Jack remained in the dugout long after the loss of the first game of the World Series. It was late in the afternoon and the field no longer looked inviting. He had gotten his chance to pitch. All those years dreaming of the moment and he walked the only two batters he faced. He was taken out after that. He threw a total of ten pitches. Ten lousy pitches and only two were strikes. Maybe he didn’t have it. It had been six years since he had pitched in the Majors---a lifetime. The coach told him not to worry. “You’ll get them tomorrow,” Tommy just patted him on the shoulder and trudged toward the tunnel.
Jack lit a cigarette and watched the sun dip below the buildings. After several drags, he threw his smoke to the ground. He got up from the bench and gathered his gear.
“Excuse me, can I have a word with you?”
Jack looked behind him and saw a man in a light raincoat, with a pad of paper. He was tall, 40ish, with blond hair and glasses.
“Not in the mood,” Jack said, “besides who are you?”
“Sorry, most of the players know me as Fred. I’m a sportswriter for the LA Times under the byline Diamond News.”
“Nice to meet you, but I’ve got nothing to say.”
“Hold on Jack, I think yours is one-hell–of–a story. You’re a man of mystery and I think readers want to know what happened. I heard you did Americans proud in the land of the Rising Sun. The Japanese called you, maitiamu….mighty arm.
“Yeah, that’s right, but their baseball is a little different.”
He was about to answer, but then shook his head.
“Come on let me buy you a drink or dinner. I don’t bite.”
Jack looked him over. “Nah, really it’s okay. Today isn’t a good day. I stunk up the place.”
“That’s why you shouldn’t go back to the hotel and dwell on it. New York is a great town and I know just the place. You like Italian?”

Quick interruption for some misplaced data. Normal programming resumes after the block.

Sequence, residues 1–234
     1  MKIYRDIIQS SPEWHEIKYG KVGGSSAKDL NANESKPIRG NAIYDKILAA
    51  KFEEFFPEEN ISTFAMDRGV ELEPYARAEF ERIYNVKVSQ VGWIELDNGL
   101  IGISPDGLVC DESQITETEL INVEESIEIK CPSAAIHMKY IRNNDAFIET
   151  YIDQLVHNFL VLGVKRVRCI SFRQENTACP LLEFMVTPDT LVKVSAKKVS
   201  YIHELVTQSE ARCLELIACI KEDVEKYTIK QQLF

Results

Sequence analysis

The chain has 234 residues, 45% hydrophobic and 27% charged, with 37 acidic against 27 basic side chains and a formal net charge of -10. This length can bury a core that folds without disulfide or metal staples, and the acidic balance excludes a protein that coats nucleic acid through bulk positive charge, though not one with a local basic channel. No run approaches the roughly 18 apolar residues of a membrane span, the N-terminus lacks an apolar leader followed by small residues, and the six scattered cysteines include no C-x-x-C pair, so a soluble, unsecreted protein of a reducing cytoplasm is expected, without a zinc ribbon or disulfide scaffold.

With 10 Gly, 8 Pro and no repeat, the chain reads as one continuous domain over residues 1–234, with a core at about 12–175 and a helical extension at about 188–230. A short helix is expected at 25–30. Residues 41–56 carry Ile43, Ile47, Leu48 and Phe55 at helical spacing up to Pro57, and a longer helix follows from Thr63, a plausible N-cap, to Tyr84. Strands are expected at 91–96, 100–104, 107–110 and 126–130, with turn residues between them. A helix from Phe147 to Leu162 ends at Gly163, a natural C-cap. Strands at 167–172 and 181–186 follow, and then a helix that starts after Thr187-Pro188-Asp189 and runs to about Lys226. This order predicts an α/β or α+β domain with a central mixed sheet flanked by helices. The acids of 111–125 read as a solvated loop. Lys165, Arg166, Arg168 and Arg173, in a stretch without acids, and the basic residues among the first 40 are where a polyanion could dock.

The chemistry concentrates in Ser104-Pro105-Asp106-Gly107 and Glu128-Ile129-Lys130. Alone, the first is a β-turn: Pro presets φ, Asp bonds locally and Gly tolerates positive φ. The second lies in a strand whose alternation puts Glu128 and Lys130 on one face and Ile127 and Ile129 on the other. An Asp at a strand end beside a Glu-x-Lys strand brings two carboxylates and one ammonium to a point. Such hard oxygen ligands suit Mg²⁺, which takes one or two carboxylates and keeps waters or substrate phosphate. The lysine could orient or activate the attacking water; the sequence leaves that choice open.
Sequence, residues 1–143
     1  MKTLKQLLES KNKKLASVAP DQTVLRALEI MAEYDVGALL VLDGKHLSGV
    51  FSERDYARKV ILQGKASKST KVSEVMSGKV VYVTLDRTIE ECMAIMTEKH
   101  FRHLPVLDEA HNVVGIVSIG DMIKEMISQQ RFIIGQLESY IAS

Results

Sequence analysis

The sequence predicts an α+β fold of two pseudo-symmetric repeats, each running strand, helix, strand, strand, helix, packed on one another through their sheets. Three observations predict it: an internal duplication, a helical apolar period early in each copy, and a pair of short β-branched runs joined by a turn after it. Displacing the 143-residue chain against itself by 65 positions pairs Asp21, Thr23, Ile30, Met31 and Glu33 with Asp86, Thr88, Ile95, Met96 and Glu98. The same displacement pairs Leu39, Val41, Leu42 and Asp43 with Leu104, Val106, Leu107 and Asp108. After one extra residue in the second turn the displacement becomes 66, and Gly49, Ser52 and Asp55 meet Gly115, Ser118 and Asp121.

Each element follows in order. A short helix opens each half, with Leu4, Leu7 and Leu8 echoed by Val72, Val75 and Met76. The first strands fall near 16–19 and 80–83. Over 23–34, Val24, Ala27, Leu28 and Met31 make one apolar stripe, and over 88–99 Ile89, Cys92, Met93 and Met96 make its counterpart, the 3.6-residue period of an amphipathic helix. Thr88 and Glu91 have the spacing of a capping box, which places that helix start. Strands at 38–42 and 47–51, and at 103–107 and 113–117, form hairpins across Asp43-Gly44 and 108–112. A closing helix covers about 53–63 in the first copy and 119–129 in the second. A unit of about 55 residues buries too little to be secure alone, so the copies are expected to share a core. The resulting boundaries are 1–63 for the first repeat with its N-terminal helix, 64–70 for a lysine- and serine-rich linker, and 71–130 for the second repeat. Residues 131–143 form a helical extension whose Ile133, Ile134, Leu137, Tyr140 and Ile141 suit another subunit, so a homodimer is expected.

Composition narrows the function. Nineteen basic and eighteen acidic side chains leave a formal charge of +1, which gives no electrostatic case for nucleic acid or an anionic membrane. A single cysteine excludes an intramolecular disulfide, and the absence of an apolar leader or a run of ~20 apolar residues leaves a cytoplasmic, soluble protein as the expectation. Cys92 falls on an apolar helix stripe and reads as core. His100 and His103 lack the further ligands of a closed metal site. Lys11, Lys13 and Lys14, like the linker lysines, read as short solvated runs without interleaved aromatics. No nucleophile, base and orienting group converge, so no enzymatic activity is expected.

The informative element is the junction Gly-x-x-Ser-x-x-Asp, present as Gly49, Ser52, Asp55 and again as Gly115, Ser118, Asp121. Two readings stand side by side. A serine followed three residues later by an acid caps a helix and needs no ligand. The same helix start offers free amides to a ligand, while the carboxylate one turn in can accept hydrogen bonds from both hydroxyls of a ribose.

Jack’s face must have brightened. “Sure, who doesn’t?”
“Then Patsy’s is where you’ll want to go. Hell, you may see Tommy with his man Frank chowing down on pasta.”
“You don’t know? Sinatra. He eats there all the time. Lasorda and him are lansmen, capish.”
Jack knew he was smiling. “Lansman? I haven’t heard that in a long time.”
“Compadres,” Fred threw out, “if that sounds better.”
“No, no, I like what you said the first time.”
“I’ll wait for you outside the players entrance. Don’t take a year to shower and change. I’m hungry.”
“Not a problem, I didn’t do a whole hell of lot of sweating out there today.”
Jack went back into the near empty clubhouse---only the trainer he knew, as Joe and Sam the equipment manager were playing cards.
“About time you showed up,” Sam said.
“Why? Were you waiting for me?”
“Well if you want that uniform ready for tomorrow.”
Jack looked down at his shirt. “Oh, I’m sorry. Really.”
He stripped down, showered, and changed into his street clothes in about ten minutes. He dumped his uniform in the laundry basket. The two men were still playing cards as he walked passed.
“Hey man I’m sorry I made you wait. It won’t happen again,” he said.
Sam motioned with his hands to forget about it. “You gave me a chance to take Joe’s money. Just keep doing what you’re doing.”
Joe grunted and stubbed out his cigar.
“Well goodnight,” Jack said.
“Yeah have a nice evening. Oh, I almost forgot.” Sam reached into his pocket. “Some guy gave me this,” and handed an envelope to him.
Jack took it and headed toward the exit. He opened the letter near the door and took out a piece of notebook paper that was folded in quarters. He unfolded it. “Good work, kid. Just keep do’in de same tomorrah,” was written in black letters.